Are you really Addicted to Food?


Are you really Addicted to Food?

jo butler

Do you think you may be addicted to certain foods?

Ask yourself these questions:

  • Do you crave certain foods even when you’re not actually hungry?
  • Do you find that when you eat these foods, you often eat way more than you intended?
  • Do you hide your consumption of these foods from others? Even sometimes?
  • Despite knowing about the negative consequences of eating these foods (declined health, increase in body fat etc) you still consume them regularly?
  • Have you tried to stop eating these foods a couple of times or more without success?

If you can answer yes to 3 or more of these questions, you most likely have an addiction to those foods. IF not, you have a serious problem that is not going away any time soon.

Unprocessed foods are unlikely to be associated with addictive eating.  The types of foods we are talking about are processed and contain higher amounts of sugar, fat and/or salt.  

Because you are actually addicted to these foods, it will most likely mean that simply ‘cutting back’ on them for is not enough.  

Methods similar to those used to quit smoking, alcohol or drug abuse will most likely be required.  That is, totally stopping the consumption of the foods that affect you and bring out addictive eating behaviours.

This is because that an addiction to certain foods is EXACTLY THE SAME as an addiction to any of those things.  

The exact same chemical processes cause the addiction – no matter why you started in the first place.

eat them anymore is the only way you’ll succeed long term.

Because of this, I’ve always been a big believer in totally cutting out junk foods as the best way to take back control of addictive eating for most people.  

 This is easier for some and not so for others of course, but it really is the best way I have found from experience over the past 10 years.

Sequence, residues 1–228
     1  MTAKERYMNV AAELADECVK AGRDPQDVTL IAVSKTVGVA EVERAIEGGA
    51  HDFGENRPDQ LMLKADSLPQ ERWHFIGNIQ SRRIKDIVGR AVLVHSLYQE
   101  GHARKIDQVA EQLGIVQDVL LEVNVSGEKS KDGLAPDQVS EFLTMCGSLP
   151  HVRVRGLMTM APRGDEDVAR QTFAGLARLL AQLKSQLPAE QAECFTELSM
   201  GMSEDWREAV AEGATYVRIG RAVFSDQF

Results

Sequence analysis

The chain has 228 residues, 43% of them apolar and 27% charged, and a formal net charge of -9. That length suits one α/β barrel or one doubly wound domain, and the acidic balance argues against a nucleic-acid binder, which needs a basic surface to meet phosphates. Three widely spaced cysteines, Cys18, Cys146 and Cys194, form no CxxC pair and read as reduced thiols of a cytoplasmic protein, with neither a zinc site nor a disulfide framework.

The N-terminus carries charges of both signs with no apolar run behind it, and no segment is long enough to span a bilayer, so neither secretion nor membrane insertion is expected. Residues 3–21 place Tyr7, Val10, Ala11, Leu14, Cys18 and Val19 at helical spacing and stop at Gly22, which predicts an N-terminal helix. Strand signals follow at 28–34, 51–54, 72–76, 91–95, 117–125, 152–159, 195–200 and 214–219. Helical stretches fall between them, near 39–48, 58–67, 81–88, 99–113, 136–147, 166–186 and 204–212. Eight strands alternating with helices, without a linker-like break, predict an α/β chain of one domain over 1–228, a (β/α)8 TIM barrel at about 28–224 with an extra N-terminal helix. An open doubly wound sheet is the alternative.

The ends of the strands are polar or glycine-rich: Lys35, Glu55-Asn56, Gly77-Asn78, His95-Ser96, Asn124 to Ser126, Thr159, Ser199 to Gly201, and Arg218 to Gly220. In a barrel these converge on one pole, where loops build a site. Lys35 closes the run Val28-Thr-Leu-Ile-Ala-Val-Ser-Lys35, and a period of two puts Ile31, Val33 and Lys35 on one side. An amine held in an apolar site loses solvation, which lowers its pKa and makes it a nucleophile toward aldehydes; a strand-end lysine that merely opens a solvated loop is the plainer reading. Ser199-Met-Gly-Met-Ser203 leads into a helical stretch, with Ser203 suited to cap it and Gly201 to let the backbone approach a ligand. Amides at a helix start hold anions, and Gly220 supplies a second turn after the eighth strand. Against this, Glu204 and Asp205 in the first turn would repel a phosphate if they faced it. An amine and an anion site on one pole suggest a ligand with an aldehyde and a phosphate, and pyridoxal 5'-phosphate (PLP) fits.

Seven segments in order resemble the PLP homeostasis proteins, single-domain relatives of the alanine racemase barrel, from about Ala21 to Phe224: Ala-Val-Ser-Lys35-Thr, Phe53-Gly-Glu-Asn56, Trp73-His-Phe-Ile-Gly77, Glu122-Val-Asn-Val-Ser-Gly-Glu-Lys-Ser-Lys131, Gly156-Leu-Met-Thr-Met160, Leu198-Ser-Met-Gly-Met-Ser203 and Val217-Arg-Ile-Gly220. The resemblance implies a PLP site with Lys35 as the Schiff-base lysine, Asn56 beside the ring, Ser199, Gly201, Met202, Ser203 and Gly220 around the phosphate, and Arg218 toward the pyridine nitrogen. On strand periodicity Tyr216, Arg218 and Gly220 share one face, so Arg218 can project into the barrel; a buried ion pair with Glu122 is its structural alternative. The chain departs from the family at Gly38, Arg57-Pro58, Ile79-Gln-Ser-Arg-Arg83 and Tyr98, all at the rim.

Alternate behaviours, food choices and actions are usually required rather than a simple instruction such as ‘stop eating chocolate’  as well as support and accountability.  

Breaking any addiction is really tough on your own.

Finding ways to start new habits, rather than just telling yourself you’re not going to

You’ve probably been told that ‘everything in moderation’ is the key to long term success. But for food addicts, this could be really bad advice.

Like an alcoholic can most likely never drink again (or risk immediate re-addiction) it is also most likely going to be the same for you.

So what’s the best way to tackle this?

1/ For one, stop thinking about dieting. Adding real hunger on top of trying to stop eating addictive foods will never result in success.

You need to follow a really filling, satisfying nutrition plan while cutting down on foods you’re addicted to.

This is the exact premise of all of my nutrition programs – and almost by accident, people lose weigh anyway.

2/ Think about what foods you are going to replace your old choices with. Actually make a list and make sure you have those foods available and prepared at all times.

3/ Set a date and make the decision that you won’t touch those foods again. Not a single time, not ever. This can be the toughest of all, but once you have decided, you can start taking action and start recovering.

4/ Accept that you’ll have relapses and quit the guilt. However, after 2-3 attempts on your own, if you’re not succeeding, seek help. A quick google search will find you loads of resources and organisations that specialise in food addiction.

5/ Keep a list of your trigger foods so that you can be totally aware of what you’re going to avoid. These foods are different for all food addicts. It may be chocolate, lollies or cheesecake. It could be crackers, cheese or ice cream. Or it could be (and most likely is) a combo of addictive foods.

6/ Let go of your need to ‘please’ others because they insist you eat the foods because:

  • they made them (using your kids as an excuse is common)
  • someone purchased them for you
  • it’s a special occasion

Your food addiction is not about them. Your kids, mum, neighbour or workmates will still love/like you even if you don’t eat their foods. Let’s face it. These excuses were just that – you were justifying to yourself why you needed to eat them.

Many clients have successfully broken their addiction to certain foods with support from the entire FitterFaster crew.

Programs like my Ditch The Junk Challenge can help you to start the process – no confessions required.

Find out more about Ditch The Junk by clicking HERE

If you have more questions about food addiction (or the Ditch The Junk) please email me any time jo@fitterfaster.net.au

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